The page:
Automated file copying

Q I want to have a folder in my home directory that automatically updates that folder from the same folder on my USB stick when I insert it. If the above description is poor then all I can compare it to is having a Microsoft Windows briefcase. I'm using KDE on a Ubuntu installation.

A KDE has a feature that will run an autorun script when a removable device is mounted, Unfortunately, it's aimed at optical media and doesn't (yet) work with USB devices. The good news is that, with a little scripting, you can do this directly from udev. The first step is to set up a udev rule for your device. This can be specific to one USB key or general enough to match anything with a FAT filesystem (USB keys always use this by default). Add this to the end of the rule:

RUN="/usr/local/bin/synchome &"

The trailing & to detach the process running the script is important - udev stops processing events while the rule is being processed and you don't want your file copying to block the whole of udev. Now you just need a script to do the dirty work of copying the files, using rsync, after making sure that certain conditions are met. Save this as /usr/local/bin/synchome (or whatever name you gave the script in the udev rule) and make it executable with chmod +x /usr/local/bin/synchome.

#!/bin/sh
MYUSER="foo"
[[ ${ACTION} == "add" ]] || exit
if ! mount | grep -q ${DEVNAME}
then
MOUNTPOINT="/media/$(basename
${DEVNAME})"
mkdir -p ${MOUNTPOINT}
mount ${DEVNAME} ${MOUNTPOINT} -o
uid=${MYUSER}
MOUNTED=1
fi
if [[ -d "${MOUNTPOINT}/myfiles" ]] && [[ -d "/
home/${MYUSER}/myfiles" ]]
then
su - ${MYUSER} -c "rsync -ax
${MOUNTPOINT}/myfiles/ /home/${MYUSER}/
myfiles/"
fi
[[ "${MOUNTED}" ]] && umount
${MOUNTPOINT}

The first line stores the name of the target user in a variable - an alternative approach would be to get the username from the name of the directory containing the files. Next we check that the rule has been processed because the device has been connected. Udev rules are run on addition and removal of a device, and the ACTION environment variable is set accordingly. KDE can be set up to automatically mount new devices, so the next seven lines check whether this has happened and mount it if not. Then we check for the presence of your special directory, called myfiles here, in both the USB stick and your home directory before running rsync to copy any new files from the stick.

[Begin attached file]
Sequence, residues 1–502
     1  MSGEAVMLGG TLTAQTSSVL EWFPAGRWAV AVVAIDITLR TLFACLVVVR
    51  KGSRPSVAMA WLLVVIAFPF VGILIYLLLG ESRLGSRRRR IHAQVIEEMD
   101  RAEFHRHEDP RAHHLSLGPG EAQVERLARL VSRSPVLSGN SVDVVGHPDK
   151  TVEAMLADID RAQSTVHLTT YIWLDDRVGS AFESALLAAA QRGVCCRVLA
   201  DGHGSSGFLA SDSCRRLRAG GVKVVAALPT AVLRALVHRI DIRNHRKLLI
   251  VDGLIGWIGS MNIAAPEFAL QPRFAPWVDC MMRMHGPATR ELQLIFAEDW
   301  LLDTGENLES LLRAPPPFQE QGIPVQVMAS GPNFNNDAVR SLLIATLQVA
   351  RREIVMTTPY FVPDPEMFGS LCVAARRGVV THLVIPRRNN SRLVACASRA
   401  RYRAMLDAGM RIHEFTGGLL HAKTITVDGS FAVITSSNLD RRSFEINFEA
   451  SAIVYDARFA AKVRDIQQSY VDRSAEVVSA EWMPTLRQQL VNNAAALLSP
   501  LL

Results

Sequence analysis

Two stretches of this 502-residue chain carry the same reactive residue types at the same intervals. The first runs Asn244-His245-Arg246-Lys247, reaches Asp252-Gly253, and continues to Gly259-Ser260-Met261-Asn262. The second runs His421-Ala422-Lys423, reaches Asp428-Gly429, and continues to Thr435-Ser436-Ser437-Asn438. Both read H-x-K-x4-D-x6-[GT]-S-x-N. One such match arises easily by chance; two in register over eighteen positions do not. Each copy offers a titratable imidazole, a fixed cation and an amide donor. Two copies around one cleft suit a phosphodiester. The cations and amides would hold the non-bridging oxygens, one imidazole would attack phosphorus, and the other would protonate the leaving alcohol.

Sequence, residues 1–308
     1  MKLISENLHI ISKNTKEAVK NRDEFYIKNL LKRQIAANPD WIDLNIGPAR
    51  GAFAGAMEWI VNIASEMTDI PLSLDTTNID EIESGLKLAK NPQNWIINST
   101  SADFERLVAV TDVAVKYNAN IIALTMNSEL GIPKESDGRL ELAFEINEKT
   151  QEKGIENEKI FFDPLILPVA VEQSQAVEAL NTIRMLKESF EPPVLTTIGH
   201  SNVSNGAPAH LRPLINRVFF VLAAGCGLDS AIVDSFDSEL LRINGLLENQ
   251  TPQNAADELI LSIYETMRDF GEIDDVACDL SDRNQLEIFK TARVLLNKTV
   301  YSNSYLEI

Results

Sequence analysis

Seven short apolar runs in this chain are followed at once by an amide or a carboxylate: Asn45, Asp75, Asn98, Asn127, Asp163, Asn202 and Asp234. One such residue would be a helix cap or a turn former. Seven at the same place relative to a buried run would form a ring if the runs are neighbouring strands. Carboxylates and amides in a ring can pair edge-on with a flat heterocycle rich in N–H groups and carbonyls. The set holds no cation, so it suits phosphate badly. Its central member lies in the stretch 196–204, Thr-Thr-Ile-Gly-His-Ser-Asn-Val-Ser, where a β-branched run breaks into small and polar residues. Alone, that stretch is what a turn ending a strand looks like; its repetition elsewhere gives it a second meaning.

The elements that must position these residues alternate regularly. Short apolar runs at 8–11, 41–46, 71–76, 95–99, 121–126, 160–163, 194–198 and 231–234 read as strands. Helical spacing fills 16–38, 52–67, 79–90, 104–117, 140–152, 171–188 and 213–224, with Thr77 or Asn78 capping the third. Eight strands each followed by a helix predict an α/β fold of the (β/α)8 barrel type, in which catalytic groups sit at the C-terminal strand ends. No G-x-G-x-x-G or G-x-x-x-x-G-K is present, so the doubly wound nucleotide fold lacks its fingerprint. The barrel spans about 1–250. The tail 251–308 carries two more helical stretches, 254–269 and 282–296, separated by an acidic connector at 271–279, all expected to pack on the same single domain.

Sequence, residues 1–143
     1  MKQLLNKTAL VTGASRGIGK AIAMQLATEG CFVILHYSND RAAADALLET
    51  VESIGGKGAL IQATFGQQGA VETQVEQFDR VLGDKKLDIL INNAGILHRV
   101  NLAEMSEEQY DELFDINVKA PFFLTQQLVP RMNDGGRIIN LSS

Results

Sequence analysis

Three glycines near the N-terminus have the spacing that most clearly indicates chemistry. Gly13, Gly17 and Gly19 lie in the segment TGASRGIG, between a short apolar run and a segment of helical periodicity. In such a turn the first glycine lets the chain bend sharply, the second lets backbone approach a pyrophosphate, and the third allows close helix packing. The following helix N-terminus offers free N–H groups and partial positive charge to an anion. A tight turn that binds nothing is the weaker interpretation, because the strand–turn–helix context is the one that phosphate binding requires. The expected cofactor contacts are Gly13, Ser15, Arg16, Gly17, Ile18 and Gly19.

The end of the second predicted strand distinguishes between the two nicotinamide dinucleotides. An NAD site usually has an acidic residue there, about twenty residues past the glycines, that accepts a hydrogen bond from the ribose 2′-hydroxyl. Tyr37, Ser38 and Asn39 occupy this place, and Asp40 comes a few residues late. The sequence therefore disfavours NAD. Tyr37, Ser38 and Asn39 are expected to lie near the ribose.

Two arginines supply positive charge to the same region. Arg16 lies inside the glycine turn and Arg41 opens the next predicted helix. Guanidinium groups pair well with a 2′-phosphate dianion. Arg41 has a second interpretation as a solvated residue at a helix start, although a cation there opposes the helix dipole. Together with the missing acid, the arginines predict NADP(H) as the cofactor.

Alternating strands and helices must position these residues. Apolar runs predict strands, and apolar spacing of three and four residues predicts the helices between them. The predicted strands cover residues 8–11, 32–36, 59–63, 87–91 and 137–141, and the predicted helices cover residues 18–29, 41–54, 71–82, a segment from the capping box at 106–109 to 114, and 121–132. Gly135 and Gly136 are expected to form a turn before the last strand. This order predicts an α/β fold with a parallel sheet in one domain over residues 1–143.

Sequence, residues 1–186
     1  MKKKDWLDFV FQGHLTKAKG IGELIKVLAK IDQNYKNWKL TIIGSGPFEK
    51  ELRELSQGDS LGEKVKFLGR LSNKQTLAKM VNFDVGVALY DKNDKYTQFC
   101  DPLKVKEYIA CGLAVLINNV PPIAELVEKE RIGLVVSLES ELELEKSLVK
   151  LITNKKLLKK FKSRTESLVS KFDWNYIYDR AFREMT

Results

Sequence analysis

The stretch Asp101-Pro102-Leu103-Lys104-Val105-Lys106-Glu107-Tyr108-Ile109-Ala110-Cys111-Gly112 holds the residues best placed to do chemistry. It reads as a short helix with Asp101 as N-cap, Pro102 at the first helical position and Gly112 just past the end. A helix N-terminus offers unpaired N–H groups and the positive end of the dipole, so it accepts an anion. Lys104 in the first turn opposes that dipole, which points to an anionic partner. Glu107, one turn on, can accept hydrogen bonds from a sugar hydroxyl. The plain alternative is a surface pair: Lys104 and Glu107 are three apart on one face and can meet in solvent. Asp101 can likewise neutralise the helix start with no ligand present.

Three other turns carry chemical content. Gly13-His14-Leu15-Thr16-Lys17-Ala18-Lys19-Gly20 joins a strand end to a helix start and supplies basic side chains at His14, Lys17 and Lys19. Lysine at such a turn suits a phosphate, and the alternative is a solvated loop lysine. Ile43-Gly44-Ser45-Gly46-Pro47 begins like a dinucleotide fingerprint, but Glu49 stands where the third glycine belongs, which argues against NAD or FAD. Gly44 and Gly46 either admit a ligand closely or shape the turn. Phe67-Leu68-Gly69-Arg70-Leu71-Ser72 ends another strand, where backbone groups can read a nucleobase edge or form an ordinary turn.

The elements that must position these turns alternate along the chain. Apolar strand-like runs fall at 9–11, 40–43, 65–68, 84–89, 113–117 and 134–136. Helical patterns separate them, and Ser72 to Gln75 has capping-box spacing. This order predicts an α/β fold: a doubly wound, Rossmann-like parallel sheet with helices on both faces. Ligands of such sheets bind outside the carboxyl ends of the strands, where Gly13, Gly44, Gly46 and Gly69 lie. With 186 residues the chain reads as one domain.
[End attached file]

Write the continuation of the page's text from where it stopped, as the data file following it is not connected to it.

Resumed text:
There are various other options you could use here, such as --delete to remove any files in ~/myfiles that are not on the stick. You could also use Unison (www.cis.upenn.edu/~bcpierce/unison) instead of rsync for two-way synchronisation. We use su to run rsync as the user - not only is it safer to run as little as possible as root, but it also avoids any permission problems later when you could find files in your home directory owned by root. Finally, we unmount the USB stick, but only if it was mounted by the script earlier. If KDE automounted it, we should let KDE take care of unmounting it. This is only one example: there are many possible variations. Read the rsync man page for options that may be useful but be wary of anything that could delete files, especially when it is run automatically in the background.

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